The life of the Le­vant

The deca­dent beach par­ties and con­trasts of cos­mopoli­tan Beirut

The Weekend Australian - Travel - - Travel & Indulgence Cartagena From The Inside Out - LY­DIA BELL

THE greeting ‘‘Hi! Ki­fak! Cava?’’ is of­ten heard in the cap­i­tal of Lebanon, where lo­cals like to mix di­alect with a dol­lop of English and French. This phrase, as well as ‘‘Yalla! Bye!’’, has be­come short­hand for Beiruti par­lance and even adorns mugs and T-shirts for tourists. For Lebanon is noth­ing if not in­ter­na­tional: it has a mi­grant’s soul.

It seems ev­ery­one has been here, from the Phoeni­cians, who built ships from the cedars and sold indigo dye to the wealthy of Europe by crush­ing shells of Mediter­ranean murex, to the French, who con­trolled Lebanon af­ter World War I un­til 1943. The Per­sians ( booted out by the Assyr­i­ans) fol­lowed the Phoeni­cians. The Greeks came be­fore the Ro­mans; the Arabs be­fore the Mam­luks, then the Cru­saders, and then the Ot­toman Turks. All the in­vaders left their mark in ar­chi­tec­ture and tra­di­tion.

Through­out his­tory, these oc­cu­piers were joined by those suf­fer­ing re­li­gious per­se­cu­tion — from the Chris­tian Ma­ronites to the Druze and the Shia — who found so­lace in soar­ing moun­tains and epic val­leys. While ev­ery­one as­so­ciates Lebanon with the civil war that ended in 1990, a jour­ney through its cities and land­scapes re­veals a his­tory that goes so much fur­ther back, and a life-af­firm­ing spirit that has so much more hope.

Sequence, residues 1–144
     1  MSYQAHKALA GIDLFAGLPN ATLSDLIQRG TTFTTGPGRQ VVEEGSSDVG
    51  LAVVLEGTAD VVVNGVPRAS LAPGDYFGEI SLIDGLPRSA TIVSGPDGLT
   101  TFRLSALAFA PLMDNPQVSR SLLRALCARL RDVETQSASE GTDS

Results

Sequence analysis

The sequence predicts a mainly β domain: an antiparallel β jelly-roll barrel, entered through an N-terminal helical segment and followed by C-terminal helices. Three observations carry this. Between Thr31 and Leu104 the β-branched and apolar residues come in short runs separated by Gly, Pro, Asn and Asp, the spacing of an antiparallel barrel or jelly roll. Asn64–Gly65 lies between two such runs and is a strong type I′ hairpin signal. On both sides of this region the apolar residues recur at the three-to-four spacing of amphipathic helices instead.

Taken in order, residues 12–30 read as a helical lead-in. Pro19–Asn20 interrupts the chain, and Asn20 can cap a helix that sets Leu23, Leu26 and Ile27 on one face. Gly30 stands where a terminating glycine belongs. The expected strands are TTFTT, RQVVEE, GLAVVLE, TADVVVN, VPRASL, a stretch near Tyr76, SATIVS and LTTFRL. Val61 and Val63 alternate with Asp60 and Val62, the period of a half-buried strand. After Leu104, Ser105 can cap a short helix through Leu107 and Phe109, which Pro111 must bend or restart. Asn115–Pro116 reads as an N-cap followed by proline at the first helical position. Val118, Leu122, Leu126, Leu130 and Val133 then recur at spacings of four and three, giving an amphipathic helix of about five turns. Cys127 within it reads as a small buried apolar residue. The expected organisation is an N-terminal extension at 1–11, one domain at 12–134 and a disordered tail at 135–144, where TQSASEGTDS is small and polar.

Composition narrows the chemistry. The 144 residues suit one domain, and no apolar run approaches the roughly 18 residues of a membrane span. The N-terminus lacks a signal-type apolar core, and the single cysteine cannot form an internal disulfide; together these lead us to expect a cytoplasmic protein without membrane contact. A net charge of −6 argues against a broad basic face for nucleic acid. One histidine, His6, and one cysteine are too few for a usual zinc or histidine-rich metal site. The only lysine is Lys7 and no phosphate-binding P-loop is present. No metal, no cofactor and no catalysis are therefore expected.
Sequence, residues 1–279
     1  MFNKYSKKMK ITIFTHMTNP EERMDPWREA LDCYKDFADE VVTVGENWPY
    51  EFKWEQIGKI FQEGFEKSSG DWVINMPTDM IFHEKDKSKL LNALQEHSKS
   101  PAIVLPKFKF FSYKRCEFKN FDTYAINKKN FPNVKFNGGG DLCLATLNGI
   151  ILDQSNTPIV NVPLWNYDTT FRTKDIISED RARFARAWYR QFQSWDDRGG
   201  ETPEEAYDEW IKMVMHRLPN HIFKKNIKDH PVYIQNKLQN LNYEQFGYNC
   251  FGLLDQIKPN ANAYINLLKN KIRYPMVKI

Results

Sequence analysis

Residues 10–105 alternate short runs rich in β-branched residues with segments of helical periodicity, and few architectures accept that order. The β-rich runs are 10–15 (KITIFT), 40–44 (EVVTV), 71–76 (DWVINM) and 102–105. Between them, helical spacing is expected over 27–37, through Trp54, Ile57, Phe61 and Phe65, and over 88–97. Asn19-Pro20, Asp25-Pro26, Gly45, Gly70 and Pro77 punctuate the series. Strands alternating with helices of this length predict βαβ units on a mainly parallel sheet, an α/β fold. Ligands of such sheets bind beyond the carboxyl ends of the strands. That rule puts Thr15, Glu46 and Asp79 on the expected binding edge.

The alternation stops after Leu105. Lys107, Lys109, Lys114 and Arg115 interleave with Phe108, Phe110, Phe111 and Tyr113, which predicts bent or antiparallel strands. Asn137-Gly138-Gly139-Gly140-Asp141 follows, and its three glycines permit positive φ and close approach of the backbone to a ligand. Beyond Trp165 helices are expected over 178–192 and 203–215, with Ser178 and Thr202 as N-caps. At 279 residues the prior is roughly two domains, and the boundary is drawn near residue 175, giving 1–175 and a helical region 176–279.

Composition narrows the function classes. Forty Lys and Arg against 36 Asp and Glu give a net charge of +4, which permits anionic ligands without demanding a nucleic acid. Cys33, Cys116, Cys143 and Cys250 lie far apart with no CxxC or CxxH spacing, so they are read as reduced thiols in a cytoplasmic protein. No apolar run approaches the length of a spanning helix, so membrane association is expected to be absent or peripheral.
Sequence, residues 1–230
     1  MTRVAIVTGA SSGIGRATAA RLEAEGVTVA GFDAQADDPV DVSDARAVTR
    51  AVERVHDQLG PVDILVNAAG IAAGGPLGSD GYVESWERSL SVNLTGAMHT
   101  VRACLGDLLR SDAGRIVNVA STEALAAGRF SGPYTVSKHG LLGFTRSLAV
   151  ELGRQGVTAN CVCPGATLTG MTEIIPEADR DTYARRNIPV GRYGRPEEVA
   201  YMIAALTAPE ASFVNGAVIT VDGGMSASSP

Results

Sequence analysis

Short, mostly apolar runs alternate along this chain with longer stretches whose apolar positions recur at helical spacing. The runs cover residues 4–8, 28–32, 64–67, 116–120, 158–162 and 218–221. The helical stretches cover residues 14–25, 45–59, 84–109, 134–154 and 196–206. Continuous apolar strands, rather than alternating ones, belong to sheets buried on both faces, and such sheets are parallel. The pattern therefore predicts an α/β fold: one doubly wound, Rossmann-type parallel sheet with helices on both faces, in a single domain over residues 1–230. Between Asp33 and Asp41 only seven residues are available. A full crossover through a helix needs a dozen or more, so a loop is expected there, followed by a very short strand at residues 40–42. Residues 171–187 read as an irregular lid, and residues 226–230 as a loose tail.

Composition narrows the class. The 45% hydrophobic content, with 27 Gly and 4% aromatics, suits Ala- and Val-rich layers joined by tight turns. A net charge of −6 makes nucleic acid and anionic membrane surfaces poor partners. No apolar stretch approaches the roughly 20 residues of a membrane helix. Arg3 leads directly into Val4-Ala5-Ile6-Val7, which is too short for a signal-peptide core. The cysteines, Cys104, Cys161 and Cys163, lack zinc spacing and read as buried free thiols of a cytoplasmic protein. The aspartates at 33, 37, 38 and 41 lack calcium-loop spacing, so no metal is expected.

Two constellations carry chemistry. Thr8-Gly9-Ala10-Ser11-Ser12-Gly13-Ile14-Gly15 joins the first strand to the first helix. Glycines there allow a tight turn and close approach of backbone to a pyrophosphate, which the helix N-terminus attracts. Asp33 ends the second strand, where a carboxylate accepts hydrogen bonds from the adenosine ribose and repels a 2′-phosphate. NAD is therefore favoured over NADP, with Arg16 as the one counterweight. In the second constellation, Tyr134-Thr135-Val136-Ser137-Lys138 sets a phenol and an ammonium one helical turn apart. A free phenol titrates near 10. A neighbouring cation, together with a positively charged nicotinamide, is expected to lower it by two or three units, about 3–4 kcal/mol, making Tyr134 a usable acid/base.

In Beirut, streetscapes ex­ude layer upon layer of his­tory and dif­fer­ence, mod­ern build­ings placed next to an­cient churches and mosques. The city to­day is de­fined by the swan-like trans­for­ma­tion of its down­town district. Gone are the hor­rific piles of rub­ble and gap­ing holes. The area has been re­born, a beau­ti­ful com­bi­na­tion of neo-colo­nial ar­chi­tec­ture and gleam­ing sky­scrapers, mari­nas and glis­ten­ing malls.

Few lo­cals live down­town: to ex­pe­ri­ence the colour and vi­brancy of the real neigh­bour­hoods, visit Hamra and Achrafieh, where you’ll find ex­cit­ing restau­rants and bars, from Miche­lin­starred fine din­ing to sushi joints. Don’t ex­pect a lack of cul­tural so­phis­ti­ca­tion but pre­pare to have your socks blown off.